As we’ve already noticed, very few places are trying to hold elections in the midst of the Covid-19 pandemic. Queensland last Saturday was one of the exceptions, with elections for local government across the state.
In most of Queensland, however, local government isn’t really local. The relentless pursuit of amalgamations by successive state governments has resulted in the state having only about half the number of municipalities it had a century ago, despite catering for about six times the population.
Nor has it been a matter of tidying up outback shires with hardly any people. The map of the state’s far north and west doesn’t look very different now from in the early twentieth century. Instead, amalgamation has been about creating grotesquely large units in the populated parts of the state.
Other states have done this as well, but Queensland has been a leader. The most drastic amalgamation was one of the first, when in 1925 twenty municipalities were merged into the Brisbane City Council, which now has a population of about one and a quarter million – by far the largest “local” government area in the country.
At the time, the move could at least be justified on the basis that it was uniting the whole of the capital’s metropolitan area. But that’s no longer the case; Brisbane’s suburbs have sprawled well beyond the council boundary and now embrace another four very large municipalities, all with populations in the hundreds of thousands, plus some areas even further out.
A case can be made for having a single authority for the metropolitan area, just as a case can be made for having actual local government in the suburbs. But the case for this strange in-between situation – with multiple councils too big to be local – is elusive, to say the least.
It does, however, mean that the elections to Brisbane City Council attract a lot of attention. The major parties run in them, and they are scrutinised for possible trends in state or even national politics. With a Queensland state election due in October, there’s even more reason to pay attention this year.
But anyone expecting a dramatic shift has been disappointed. The incumbent mayor, Adrian Schrinner of the Liberal National Party (LNP), has been reasonably comfortably re-elected. The LNP vote is down by about six points (although it will improve as more postals are counted), but most of that has gone to the Greens; Labor’s vote is substantially unchanged. (Official figures here.)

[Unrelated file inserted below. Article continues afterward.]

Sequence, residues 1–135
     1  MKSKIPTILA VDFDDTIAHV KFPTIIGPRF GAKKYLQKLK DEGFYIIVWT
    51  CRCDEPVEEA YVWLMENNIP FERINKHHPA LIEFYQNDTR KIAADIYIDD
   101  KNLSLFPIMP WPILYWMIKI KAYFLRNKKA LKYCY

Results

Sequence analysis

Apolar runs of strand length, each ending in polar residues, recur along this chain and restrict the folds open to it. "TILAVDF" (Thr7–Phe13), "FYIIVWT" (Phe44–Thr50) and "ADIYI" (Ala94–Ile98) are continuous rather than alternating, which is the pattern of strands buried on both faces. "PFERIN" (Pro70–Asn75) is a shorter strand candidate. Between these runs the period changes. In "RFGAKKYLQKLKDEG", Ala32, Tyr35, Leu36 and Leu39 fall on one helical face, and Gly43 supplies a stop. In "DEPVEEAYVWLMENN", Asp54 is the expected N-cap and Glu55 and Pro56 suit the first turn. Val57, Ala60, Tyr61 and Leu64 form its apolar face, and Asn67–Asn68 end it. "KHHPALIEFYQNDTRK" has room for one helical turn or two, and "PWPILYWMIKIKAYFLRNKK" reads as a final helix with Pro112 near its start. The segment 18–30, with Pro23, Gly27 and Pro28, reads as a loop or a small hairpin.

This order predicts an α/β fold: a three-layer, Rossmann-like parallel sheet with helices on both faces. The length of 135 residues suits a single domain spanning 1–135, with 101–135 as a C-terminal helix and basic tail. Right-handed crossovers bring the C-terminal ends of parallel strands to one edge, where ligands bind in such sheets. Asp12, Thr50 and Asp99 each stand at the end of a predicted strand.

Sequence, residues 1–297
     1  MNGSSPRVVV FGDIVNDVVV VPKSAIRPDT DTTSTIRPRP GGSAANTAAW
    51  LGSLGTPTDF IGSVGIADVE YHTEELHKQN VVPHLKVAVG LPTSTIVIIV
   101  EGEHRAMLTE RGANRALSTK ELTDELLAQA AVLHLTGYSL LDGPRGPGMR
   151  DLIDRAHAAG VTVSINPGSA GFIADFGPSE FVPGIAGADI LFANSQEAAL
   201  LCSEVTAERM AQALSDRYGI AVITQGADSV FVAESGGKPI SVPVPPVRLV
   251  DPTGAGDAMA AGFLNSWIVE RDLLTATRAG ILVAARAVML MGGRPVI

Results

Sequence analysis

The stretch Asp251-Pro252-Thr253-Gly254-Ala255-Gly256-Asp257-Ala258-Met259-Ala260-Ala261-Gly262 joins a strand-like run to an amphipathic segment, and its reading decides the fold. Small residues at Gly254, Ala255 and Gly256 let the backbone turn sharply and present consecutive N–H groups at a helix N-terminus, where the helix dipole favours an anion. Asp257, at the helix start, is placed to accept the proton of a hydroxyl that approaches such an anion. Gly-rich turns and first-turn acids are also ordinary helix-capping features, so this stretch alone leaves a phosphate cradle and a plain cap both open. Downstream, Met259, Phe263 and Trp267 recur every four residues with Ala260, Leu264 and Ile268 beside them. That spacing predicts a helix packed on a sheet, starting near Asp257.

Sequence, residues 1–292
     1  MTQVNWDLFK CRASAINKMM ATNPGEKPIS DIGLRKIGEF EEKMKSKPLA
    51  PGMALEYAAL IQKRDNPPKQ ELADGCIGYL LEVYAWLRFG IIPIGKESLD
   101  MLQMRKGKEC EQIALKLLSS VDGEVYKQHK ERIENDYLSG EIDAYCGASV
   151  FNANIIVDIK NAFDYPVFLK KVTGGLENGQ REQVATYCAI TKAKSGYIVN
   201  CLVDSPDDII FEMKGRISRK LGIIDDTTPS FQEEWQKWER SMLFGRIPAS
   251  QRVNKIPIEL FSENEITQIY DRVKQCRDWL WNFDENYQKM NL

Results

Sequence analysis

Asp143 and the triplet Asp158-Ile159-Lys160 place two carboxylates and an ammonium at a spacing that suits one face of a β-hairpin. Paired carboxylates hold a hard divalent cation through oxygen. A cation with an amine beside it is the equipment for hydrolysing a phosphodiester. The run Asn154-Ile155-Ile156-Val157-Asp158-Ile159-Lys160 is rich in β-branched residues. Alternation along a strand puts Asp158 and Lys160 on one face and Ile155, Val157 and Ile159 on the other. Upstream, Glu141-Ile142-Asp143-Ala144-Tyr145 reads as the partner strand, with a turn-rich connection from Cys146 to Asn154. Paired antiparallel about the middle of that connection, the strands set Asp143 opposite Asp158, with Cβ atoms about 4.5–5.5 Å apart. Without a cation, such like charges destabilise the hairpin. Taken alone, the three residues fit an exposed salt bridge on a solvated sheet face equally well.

Mayor and council are elected separately, with the council based on 26 single-member wards. At the last election, in 2016, the LNP won 19, as against five to Labor and one each to Greens and independents. Assuming that the LNP holds the three wards currently in doubt, that result will be unchanged, suggesting that in a time of crisis Queenslanders are inclined to stick with the status quo.
Turnout, not surprisingly, is down, particularly ordinary votes – that is, people attending a local polling place on election day. Figures are still very much incomplete, but Ben Raue estimates that such votes in Brisbane have declined from 61.4% of the total enrolment to about 22.3%.
It’s also a study in the effects of fiddling with electoral systems. Four years ago, as some readers may remember, the Queensland Labor government disgraced itself by legislating to reintroduce compulsory preferential voting in state elections, in the hope of winning some electoral advantage. But it failed to make the same change for council elections, partly through fear of enabling the Greens to win more seats.
It looks to have worked on that score, but there are a couple of wards in which Labor candidates might have got over the line if Greens voters had had to fill in every square – or even if they’d had the benefit of how-to-vote cards, which were banned for health reasons. We’ll have to wait for the final figures to see how much difference it might have made.
What we can say is that it’s confused the voters. There were two state by-elections held on the same day, in Bundamba and Currumbin. Both were held by their incumbent parties (Labor and LNP respectively), but voters there had to queue twice at their polling places: once for council ballots, which were optional preferential, and once for the by-elections, which were compulsory preferential.
Sure enough, the informal vote in the latter jumped, from 8.2% to 10.8% in Bundamba, and from 4.7% to 7.7% in Currumbin. Again, the lack of how-to-vote cards wouldn’t have helped, but on a low turnout and with only four candidates in each that’s a remarkable informal rate.